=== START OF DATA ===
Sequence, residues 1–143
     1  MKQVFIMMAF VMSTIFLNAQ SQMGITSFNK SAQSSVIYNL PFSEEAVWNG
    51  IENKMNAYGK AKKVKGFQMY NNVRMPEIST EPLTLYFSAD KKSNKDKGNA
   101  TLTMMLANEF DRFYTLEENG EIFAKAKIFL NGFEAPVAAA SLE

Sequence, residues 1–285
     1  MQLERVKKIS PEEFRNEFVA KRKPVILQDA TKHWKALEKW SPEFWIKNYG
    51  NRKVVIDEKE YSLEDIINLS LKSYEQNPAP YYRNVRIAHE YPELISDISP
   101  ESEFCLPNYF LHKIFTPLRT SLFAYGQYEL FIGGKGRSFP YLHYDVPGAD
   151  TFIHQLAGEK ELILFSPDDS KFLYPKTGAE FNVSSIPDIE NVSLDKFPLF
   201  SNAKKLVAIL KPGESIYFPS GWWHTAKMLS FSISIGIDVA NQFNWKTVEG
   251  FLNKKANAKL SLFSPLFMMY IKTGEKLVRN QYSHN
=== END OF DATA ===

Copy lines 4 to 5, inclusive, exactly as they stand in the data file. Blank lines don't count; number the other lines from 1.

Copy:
   101  TLTMMLANEF DRFYTLEENG EIFAKAKIFL NGFEAPVAAA SLE

Sequence, residues 1–285